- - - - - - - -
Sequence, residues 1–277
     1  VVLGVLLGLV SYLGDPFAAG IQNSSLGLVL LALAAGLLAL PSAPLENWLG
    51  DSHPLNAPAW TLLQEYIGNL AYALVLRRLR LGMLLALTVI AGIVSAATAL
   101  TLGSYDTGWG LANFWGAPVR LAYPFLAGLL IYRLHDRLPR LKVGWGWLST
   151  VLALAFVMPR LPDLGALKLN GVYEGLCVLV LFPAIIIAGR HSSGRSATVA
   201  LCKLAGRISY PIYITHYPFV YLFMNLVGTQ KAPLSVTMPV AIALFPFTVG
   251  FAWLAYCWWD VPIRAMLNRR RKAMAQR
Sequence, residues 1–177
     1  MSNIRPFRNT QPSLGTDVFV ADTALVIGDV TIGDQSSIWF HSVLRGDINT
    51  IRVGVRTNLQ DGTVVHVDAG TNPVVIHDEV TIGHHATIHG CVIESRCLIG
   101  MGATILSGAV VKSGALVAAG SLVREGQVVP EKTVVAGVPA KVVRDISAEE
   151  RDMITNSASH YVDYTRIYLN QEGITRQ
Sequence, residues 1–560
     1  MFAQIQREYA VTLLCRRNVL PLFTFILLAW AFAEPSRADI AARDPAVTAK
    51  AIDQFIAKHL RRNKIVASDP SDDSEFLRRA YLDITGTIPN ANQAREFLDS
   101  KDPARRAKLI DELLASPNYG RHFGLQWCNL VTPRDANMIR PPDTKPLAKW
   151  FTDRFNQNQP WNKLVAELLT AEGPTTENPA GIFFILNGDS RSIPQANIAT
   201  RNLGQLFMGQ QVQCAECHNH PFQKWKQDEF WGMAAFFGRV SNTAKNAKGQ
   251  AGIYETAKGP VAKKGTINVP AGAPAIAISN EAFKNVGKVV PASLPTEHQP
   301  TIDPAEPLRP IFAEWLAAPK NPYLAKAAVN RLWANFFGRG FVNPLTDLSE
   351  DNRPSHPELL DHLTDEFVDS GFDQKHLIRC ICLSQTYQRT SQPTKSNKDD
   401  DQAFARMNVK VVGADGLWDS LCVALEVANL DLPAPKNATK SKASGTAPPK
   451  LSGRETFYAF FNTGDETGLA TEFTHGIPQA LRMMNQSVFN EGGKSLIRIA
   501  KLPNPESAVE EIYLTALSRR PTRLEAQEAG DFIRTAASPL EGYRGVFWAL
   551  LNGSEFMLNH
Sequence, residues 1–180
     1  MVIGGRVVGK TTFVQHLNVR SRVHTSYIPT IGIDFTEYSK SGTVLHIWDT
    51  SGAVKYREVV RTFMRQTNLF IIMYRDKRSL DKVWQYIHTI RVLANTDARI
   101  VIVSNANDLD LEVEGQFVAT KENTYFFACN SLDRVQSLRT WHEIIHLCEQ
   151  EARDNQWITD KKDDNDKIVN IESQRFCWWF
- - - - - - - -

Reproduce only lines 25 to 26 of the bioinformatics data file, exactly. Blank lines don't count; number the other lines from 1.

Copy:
   551  LNGSEFMLNH
Sequence, residues 1–180